Figure of a Warrior, late 6th century B.C.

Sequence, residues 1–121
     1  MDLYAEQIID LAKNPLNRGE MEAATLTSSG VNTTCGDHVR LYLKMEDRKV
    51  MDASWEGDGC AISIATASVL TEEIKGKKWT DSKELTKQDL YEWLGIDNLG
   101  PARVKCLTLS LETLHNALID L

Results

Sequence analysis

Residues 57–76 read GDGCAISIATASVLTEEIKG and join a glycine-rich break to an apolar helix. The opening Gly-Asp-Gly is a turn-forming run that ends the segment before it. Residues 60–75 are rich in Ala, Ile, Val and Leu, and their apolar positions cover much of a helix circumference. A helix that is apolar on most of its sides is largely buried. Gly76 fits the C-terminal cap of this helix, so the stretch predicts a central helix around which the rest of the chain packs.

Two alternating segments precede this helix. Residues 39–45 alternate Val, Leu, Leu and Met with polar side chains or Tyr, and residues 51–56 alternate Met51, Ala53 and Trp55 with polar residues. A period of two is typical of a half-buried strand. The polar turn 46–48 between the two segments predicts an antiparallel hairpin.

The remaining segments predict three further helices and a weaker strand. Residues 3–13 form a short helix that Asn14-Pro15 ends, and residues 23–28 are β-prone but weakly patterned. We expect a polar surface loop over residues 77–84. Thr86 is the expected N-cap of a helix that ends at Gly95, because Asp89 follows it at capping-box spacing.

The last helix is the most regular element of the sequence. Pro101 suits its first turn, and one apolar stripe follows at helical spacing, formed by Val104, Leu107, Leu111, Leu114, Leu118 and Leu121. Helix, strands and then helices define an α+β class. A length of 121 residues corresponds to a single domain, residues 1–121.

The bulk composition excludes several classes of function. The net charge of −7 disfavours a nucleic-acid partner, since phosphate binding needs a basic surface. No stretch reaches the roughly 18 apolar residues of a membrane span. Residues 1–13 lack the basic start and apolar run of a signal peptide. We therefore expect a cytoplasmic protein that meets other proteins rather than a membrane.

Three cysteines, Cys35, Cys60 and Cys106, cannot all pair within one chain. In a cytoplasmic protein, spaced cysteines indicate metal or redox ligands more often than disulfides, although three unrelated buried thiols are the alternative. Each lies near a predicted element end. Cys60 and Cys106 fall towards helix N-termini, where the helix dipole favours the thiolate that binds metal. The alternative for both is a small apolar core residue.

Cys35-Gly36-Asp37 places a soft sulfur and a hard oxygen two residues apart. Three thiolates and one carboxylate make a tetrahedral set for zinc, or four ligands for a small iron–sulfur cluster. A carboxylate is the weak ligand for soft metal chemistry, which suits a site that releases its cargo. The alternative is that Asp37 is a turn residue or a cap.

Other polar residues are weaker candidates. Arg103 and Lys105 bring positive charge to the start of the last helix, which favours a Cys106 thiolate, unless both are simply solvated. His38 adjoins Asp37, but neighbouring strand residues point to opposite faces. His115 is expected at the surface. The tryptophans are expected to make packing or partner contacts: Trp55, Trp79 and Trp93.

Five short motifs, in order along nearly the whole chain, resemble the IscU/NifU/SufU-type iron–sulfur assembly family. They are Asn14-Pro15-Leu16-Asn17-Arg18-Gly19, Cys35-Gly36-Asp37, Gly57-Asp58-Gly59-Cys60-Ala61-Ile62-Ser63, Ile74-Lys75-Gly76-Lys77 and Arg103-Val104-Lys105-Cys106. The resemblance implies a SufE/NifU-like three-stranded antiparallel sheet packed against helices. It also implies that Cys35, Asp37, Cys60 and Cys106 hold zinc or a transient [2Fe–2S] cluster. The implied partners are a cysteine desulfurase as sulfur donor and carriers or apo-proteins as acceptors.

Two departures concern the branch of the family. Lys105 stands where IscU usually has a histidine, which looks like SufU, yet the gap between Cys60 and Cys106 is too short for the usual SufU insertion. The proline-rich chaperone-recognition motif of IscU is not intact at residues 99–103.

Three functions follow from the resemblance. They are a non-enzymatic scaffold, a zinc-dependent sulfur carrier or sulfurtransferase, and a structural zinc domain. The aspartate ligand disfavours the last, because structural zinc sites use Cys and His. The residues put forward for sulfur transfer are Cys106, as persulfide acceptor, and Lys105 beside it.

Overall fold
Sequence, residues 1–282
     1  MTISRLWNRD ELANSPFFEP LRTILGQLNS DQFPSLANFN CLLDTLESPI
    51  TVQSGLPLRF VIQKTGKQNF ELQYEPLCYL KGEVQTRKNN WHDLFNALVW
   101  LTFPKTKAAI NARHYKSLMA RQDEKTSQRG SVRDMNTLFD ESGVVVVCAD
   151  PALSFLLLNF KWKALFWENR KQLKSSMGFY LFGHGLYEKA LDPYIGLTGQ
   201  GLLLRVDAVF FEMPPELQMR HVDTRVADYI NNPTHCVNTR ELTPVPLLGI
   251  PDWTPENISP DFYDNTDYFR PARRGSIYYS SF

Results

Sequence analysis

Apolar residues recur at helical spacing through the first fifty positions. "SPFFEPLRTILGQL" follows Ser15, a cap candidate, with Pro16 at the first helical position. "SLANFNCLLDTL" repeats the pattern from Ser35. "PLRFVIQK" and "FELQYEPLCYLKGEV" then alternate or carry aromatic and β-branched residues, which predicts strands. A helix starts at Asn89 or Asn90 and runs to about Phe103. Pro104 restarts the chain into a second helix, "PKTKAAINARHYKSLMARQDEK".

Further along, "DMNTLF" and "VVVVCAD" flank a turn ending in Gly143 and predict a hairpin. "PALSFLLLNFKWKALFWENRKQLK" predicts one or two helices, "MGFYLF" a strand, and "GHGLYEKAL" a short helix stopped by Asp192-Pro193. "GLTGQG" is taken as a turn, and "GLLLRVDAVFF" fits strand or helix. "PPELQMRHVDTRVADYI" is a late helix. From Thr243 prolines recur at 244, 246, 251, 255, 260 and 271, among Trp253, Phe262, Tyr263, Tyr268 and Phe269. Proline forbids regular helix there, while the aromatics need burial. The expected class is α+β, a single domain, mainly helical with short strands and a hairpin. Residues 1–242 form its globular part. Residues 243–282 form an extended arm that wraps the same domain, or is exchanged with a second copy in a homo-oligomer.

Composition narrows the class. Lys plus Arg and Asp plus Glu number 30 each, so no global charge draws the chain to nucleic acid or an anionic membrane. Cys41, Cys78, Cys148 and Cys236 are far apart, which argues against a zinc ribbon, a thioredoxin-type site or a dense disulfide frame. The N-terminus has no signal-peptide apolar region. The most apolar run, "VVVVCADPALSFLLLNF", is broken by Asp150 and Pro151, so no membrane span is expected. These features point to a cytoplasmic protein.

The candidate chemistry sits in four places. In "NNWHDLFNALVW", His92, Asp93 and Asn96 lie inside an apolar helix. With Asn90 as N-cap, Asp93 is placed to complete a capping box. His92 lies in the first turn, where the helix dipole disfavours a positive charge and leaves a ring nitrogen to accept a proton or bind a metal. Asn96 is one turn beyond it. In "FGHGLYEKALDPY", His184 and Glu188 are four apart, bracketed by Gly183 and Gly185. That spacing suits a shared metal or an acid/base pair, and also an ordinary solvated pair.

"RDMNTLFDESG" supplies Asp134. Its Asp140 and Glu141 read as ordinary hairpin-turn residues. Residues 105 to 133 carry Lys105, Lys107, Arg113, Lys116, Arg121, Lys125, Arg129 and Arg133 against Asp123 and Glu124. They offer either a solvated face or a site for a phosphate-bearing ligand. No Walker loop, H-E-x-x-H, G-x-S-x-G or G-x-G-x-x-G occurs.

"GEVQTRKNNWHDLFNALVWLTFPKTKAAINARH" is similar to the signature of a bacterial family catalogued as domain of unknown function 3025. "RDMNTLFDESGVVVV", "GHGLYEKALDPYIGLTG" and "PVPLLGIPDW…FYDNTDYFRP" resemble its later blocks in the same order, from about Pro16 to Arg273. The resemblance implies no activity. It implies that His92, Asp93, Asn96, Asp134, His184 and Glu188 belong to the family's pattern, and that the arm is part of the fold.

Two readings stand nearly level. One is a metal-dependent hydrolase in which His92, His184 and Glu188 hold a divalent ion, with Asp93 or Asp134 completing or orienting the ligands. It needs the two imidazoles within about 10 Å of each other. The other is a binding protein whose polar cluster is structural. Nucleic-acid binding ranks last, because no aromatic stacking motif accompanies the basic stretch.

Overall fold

Ancient Greek warriors often dedicated diminutive bronze figurines at sanctuaries in southern Greece as symbols of gratitude for good fortune in battle. This solid-cast hoplite, or infantryman, whose compact form, severe lines, and iconography are characteristic of Lakonian (Spartan) workshops of the late sixth century B.C., was allegedly found at Sparta. Its attacking pose is typical of a soldier striding forward with his right arm raised. The spear and shield he once carried are now lost. His close-fitting cuirass, or breastplate, is incised with spirals that echo the forms beneath, and his short chiton, gathered up about the hips (perhaps for a running charge), bears lightly incised ornamental crosses. To protect his shins the warrior is equipped with greaves. A Corinthian style helmet exposes the figure's beard, while his hair is worn long and falling over his shoulders in typical Spartan fashion.